Welcome to My Wordy Life
For as long as I can remember, I've been besotted by words, in love with
the English language. My parents read to me (as I read to my son) practically
from the moment of my birth, and when I learned to read, I always received
books for Christmas and my birthday and had finished reading them within
the week. I still have some of my childhood books: old editions of
Grimms' Fairy Tales, Andrew Lang's fairy books,
The Wizard of Oz, all the Nancy Drew and Cherry Ames books. My mother
was a member of the Literary Guild and because she never got around to
sending the post cards back, I got to read her books, too. (I learned early
on how to climb up and get the ones on the top shelves.) She gave me her
official permission to read
Gone With the Wind when I was eleven. Boy, was that an eye-opener
for a naïve little girl! My parents also bought my brother and me
The Book of Knowledge; I read straight through all twenty volumes.
Yeah. I have been, as they say, bookish all my life. Today, of course,
I spend most of my time editing and writing.
To read my blog, please scroll down.
Secret Lives is now available at the on-line bookstores. Buy
Secret Lives today! And then write a review. And tell all
your friends how much you enjoyed the book.
You can also go to my
Secret Lives page and Like the book. Tell all your friends again!
Ask them to Like the book, too. Leave comments and questions. Wouldn't
it be nifty if
Secret Lives turned into a sort of interactive book via Facebook
and the FREE READER'S GUIDE on this site?
Notice the little witch! Because I didn’t want to rip off anyone’s art
and just use one of my 330 witches, I asked my brilliant daughter-in-law
to make me a witch. She—the witch, not Phish—is now sitting on the shelf
in my living room where you see her in the photo.
Let Me Be Your Editor
Are you writing a book? Thinking about writing a book? Let me be your
editor. I've edited more than 250 books (both fiction and nonfiction),
academic documents (theses and dissertations), web site copy, articles,
technical proposals, screenplays, poetry, and things I don't even remember
anymore. As you explore this site, you can read excerpts from my nonfiction
books and some of my articles and poems. If you're thinking about writing,
send me an email and we can talk about how I can help you. I never charge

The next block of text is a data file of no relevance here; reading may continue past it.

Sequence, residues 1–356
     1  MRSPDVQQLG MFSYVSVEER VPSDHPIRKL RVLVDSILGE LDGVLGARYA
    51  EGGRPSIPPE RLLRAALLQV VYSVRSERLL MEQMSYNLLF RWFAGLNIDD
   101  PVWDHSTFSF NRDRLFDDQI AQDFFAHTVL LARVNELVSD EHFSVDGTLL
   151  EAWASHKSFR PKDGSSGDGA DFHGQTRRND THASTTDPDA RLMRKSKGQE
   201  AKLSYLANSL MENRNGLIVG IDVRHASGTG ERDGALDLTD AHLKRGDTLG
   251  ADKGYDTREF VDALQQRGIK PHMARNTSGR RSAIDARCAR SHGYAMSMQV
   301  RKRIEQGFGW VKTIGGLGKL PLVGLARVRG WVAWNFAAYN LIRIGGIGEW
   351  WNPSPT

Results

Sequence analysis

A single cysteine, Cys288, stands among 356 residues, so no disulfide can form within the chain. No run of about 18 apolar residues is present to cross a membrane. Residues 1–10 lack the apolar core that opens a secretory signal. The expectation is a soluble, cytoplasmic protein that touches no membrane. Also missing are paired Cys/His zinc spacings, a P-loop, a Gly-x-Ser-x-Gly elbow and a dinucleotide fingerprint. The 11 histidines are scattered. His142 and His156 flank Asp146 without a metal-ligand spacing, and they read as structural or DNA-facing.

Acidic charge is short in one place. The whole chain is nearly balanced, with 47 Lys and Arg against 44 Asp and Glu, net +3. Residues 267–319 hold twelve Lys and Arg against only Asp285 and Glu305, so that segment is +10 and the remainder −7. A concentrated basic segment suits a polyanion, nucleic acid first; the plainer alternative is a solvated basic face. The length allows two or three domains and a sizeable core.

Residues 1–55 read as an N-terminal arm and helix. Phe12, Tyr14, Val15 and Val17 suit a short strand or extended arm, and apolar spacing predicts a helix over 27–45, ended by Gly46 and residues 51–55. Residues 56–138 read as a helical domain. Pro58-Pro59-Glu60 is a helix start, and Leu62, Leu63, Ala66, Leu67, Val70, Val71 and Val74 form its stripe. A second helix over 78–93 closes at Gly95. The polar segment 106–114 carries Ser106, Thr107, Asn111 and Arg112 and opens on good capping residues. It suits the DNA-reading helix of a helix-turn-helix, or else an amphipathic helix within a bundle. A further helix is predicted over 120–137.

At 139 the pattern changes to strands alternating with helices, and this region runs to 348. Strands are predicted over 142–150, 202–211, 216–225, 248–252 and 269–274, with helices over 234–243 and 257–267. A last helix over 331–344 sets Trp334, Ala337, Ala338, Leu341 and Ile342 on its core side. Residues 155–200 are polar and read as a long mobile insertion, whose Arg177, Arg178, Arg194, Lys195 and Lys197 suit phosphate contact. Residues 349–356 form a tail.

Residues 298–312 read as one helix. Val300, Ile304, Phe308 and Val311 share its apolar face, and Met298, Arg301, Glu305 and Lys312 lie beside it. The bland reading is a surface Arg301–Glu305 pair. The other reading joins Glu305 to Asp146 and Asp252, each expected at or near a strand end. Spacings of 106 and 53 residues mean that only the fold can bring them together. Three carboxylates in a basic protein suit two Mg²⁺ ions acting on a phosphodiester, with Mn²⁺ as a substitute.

for email conversations.
Note: if you like my work and want to use it, please do
not just copy and paste. As I have to explain from time to time to
an author whose work I'm editing, copying and pasting someone else's
copyrighted work without their permission is
plagiarism. Which is against the law. Which can get you an F in your
class. Which can get you prosecuted. It's usually easy to get permission
to reproduce someone else's copyrighted work:
just ask. If you want to reproduce anything on my site anywhere else,
please send me an email and ask. I'll no doubt tell you I'm honored that
you like what I've written and then tell you how to give me proper credit.
October 24, 2014
Read full article
A few months ago, a magazine editor sent me a novel,
The Thinking Woman’s Guide to Real Magic by Emily Croy Barker, to
review for her magazine. The blurb on the back of the book tells us that
a graduate student named Nora goes to a friend’s wedding, wanders off,
and “somehow finds herself in another realm.” She meets the “glamorous
and endlessly charming Ilissa, who introduces Nora to a decadent new world—and
to her gorgeous son. … It’s almost too good to be true.” But then Nora
wanders away from a party and comes into another realm in which she meets
two men who tell her that Ilissa’s realm is evil and Ilissa just kidnapped
her to breed an heir. Sure enough, she gets pregnant. The handsome prince,
having done his duty, takes up with other glamorous (but evil) women. But
Nora’s baby dies and—
I got as far as page 48. At which point I wrote to the magazine editor
and told her the book is not only poorly written but its plot is awful.
It’s a clichéd, Disneyfied, dark fairy tale/romance novel. “Ditch it,”
the magazine editor wrote back.
But, hey—I’m a novelist, too, and I like fairy tales a lot, and I have
a good imagination. So here goes.